Perhaps with all of this going on with the Grammys, this slipped under the news radar: Jay Z and Beyonce aka “Bey” are officially leaving New York City. Impossible to believe? Yes, almost: Jay Z wrote the ultimate modern tribute to New York City and its spirit with “Empire State of Mind” — it’s up there with Woody Allen’s “Manhattan” and F. Scott Fitzgerald’s “The Great Gatsby” as assured artistic expressions of essential New York in its neurotic pathos, grandiosity, and as a place of self-invention. It’s likely Jay Z and Bey are hitting the road to L.A., for a variety of reasons: NYC is no longer for the music industry (sadly, gentrification has priced out emerging talent in all directions), record labels are happily consolidating into music monopolies in L.A., and New York is no longer an incubator of material for Jay Z’s kitsch (kitsch: in the Susan Sontag sense) art. As this writer notes, you can’t draw from that reservoir where Marcy Houses are forever. Stuff gets old — fast! Anyhow, Jay Z is the grand old man of rap; he’s 45.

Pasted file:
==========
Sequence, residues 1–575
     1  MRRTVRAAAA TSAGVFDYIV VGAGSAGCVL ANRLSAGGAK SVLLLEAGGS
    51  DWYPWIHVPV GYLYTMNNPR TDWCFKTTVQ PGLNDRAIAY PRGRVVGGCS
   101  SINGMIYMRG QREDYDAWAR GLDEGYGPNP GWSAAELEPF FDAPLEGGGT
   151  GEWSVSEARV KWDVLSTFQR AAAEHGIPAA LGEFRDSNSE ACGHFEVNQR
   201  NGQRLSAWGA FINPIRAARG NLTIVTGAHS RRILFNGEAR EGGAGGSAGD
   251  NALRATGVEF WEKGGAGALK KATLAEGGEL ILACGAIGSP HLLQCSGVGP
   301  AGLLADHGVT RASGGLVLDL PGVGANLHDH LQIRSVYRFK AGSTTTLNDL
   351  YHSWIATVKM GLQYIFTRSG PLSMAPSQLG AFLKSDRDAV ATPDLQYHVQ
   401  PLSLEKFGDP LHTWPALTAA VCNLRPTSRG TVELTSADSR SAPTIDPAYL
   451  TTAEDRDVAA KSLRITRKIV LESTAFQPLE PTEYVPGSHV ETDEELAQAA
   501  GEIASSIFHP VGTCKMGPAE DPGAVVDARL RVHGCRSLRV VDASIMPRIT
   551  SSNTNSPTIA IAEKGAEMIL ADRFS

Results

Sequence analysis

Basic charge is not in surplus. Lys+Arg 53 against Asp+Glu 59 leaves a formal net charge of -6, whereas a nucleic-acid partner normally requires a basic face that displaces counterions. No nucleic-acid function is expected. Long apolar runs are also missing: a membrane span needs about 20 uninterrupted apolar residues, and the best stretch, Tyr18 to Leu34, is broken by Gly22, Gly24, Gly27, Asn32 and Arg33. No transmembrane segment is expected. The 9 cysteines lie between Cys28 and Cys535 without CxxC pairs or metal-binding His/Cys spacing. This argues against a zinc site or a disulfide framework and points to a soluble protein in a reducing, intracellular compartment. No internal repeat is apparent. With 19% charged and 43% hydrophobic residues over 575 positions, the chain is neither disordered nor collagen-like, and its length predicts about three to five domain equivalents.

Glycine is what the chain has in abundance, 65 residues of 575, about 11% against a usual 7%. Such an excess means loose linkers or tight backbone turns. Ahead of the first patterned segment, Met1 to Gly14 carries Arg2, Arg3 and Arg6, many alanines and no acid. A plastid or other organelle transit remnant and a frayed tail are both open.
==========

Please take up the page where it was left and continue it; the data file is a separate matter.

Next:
Probably something else is going on, too: Jay Z is officially a bore. New York City is a 24-hour zone of lights and action; it oozes life and drama. Simply put, it’s the place where s$*t is happening all the time. As the New York Post‘s Kyle Smith’s writes: “But there’s no insulating yourself from the life of the city. It’s omnipresent and unavoidable. It’s in your hair and clothes. It’s in your mitochondria. It wakes you up with a noogie. It’s the insult comic of cities.” To trade New York City for Hollywood shows that Jay Z’s imagination has settled for quiet domesticity and has relegated that bravado and love of spontaneity to a misty past. But never fear: much of Jay Z will be hood forever.